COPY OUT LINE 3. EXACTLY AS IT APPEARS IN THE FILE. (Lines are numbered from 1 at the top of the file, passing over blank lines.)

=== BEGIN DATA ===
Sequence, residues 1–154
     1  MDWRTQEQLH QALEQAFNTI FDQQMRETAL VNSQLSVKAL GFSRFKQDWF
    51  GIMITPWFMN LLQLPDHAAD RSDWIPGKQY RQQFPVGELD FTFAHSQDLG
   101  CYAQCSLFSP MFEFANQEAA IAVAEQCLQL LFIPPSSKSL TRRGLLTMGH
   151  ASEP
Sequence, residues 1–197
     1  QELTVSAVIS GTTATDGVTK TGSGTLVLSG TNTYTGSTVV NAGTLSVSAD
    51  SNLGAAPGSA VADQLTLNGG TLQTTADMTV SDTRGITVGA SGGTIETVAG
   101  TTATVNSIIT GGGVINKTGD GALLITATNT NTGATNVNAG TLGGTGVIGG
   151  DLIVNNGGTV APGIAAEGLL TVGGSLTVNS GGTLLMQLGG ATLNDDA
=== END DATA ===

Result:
    51  GIMITPWFMN LLQLPDHAAD RSDWIPGKQY RQQFPVGELD FTFAHSQDLG